State Substance Abuse Agency Directors, also known as Single State Authorities, manage the publicly funded substance abuse prevention and treatment system of the Nation. Single State Authorities are responsible for planning and implementing statewide systems of care that provide clinically appropriate substance abuse services. Given the high rate of substance use disorders among offenders reentering our communities, successful reentry programs require close interaction and collaboration with each Single State Authority as the program is planned, implemented, and evaluated.
(14)
According to the National Institute of Literacy, 70 percent of all prisoners function at the lowest literacy levels.
(15)
Less than 32 percent of State prison inmates have a high school diploma or a higher level of education, compared to 82 percent of the general population.
(16)
Approximately 38 percent of inmates who completed 11 years or less of school were not working before entry into prison.
(17)
The percentage of State prisoners participating in educational programs decreased by more than 8 percent between 1991 and 1997, despite growing evidence of how educational programming while incarcerated reduces recidivism.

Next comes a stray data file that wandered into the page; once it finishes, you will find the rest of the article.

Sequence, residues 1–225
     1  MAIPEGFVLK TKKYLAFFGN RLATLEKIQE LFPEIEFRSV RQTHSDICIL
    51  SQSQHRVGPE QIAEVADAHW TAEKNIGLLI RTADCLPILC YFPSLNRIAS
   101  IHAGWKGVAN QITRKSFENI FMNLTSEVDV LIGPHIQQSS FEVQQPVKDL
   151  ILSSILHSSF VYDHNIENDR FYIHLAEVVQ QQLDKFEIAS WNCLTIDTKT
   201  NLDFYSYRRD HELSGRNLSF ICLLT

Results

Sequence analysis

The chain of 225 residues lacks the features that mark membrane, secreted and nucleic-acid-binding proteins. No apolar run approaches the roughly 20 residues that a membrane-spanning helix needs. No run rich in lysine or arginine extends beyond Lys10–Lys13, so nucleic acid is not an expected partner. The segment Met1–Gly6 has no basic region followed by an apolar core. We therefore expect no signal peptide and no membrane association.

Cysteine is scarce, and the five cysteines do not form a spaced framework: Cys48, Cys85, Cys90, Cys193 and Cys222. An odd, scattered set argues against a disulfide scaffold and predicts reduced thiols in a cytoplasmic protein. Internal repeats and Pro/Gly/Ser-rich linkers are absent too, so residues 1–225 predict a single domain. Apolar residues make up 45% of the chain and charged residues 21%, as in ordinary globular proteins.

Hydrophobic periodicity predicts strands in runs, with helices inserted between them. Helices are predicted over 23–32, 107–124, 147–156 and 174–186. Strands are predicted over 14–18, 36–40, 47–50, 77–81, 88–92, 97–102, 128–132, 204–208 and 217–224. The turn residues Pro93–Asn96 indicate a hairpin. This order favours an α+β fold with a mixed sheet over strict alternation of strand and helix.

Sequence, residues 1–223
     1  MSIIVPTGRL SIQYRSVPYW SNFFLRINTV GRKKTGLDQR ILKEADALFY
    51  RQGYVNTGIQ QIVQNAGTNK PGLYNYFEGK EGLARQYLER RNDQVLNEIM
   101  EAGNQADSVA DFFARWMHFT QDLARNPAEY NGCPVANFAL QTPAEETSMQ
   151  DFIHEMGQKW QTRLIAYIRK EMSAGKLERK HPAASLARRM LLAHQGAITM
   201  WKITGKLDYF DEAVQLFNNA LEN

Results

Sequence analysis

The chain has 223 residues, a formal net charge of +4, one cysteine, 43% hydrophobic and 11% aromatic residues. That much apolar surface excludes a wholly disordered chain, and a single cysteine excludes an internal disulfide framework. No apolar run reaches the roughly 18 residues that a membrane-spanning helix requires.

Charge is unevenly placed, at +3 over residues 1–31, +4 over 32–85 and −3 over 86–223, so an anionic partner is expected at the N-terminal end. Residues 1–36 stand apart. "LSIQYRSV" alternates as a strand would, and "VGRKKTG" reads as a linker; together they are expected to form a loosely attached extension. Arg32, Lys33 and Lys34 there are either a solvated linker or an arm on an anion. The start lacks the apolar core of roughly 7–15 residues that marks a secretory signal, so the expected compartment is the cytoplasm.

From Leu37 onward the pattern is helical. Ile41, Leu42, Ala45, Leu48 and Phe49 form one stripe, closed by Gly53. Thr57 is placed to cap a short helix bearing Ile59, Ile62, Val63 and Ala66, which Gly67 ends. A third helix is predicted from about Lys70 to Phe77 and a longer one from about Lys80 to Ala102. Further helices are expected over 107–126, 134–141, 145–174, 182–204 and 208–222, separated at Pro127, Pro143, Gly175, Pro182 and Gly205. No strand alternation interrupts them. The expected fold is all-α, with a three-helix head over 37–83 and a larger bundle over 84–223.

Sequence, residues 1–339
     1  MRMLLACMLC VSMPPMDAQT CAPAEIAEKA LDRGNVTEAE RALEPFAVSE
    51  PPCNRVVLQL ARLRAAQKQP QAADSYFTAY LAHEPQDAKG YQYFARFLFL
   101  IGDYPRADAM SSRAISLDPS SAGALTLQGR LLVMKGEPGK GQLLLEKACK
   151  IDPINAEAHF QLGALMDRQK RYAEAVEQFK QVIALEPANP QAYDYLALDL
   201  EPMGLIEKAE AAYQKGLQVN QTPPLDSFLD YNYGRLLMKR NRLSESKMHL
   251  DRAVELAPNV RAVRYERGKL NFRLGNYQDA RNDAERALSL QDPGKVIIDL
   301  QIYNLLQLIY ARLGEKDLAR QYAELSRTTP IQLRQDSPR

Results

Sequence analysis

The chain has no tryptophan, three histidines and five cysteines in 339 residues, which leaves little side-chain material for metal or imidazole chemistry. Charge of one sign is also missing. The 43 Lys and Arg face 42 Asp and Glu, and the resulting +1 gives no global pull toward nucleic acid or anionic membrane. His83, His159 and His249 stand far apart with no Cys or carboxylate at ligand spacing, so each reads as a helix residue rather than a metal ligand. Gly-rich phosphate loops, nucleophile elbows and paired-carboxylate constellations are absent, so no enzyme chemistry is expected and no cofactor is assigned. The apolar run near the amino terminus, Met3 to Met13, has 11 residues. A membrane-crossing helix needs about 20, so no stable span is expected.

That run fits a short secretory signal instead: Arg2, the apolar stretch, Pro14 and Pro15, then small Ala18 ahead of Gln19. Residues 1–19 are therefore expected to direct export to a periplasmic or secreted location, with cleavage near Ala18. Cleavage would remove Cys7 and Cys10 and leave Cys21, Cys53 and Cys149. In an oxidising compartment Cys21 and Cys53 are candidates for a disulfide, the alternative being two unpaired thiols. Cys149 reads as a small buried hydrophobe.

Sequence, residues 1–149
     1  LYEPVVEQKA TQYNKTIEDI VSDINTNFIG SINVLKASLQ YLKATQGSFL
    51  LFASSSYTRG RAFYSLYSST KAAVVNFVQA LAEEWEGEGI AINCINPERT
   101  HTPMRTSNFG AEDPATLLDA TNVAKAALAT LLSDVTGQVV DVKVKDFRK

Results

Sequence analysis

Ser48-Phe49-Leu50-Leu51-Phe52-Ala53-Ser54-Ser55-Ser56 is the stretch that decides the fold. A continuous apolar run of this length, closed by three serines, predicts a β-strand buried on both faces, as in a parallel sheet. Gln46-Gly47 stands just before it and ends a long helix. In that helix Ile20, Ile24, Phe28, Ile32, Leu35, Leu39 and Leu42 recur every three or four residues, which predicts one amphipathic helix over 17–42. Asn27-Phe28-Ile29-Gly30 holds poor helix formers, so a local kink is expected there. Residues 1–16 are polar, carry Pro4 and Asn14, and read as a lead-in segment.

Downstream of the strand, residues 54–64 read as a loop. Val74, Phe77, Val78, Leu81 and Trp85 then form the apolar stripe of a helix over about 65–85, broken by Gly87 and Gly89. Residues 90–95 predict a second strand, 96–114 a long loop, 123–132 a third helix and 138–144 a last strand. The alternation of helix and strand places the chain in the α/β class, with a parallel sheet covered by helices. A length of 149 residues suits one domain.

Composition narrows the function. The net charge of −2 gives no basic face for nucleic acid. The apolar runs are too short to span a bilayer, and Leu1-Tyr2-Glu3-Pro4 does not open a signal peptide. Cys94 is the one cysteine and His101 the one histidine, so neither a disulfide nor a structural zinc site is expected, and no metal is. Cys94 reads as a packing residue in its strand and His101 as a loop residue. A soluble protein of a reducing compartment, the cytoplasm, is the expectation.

(18)
The National Institute of Justice has found that 1 year after release, up to 60 percent of former inmates are not employed.
(19)
Transitional jobs programs have proven to help people with criminal records to successfully return to the workplace and to the community, and therefore can reduce recidivism.
(Pub. L. 110–199, § 3, Apr. 9, 2008, 122 Stat. 658.)
References in Text

The Act and this Act, referred to in subsecs. (a) and (b)(5), are Pub. L. 110–199, Apr. 9, 2008, 122 Stat. 657, known as the Second Chance Act of 2007: Community Safety Through Recidivism Prevention and also as the Second Chance Act of 2007. For complete classification of this Act to the Code, see Short Title note set out below and Tables.

Short Title

Pub. L. 110–199, § 1, Apr. 9, 2008, 122 Stat. 657, provided that:

“This Act [enacting this chapter and sections 3797q to 3797q–6, 3797s to 3797s–6, 3797w–2, 3797dd, and 3797dd–1 of this title, amending sections 3793, 3796ff–1, 3796ff–3, 3797u–2, 3797w, 13702, 13708, and 15606 of this title and sections 3621, 3624, 3672, and 4042 of Title 18, Crimes and Criminal Procedure, and enacting provisions set out as notes under sections 3797u–1 and 3797u–2 of this title] may be cited as the ‘Second Chance Act of 2007: Community Safety Through Recidivism Prevention’ or the ‘Second Chance Act of 2007’.”

Promoting Rehabilitation and Reintegration of Formerly Incarcerated Individuals

Memorandum of President of the United States, Apr. 29, 2016, 81 F.R. 26993, provided:

Memorandum for the Heads of Executive Departments and Agencies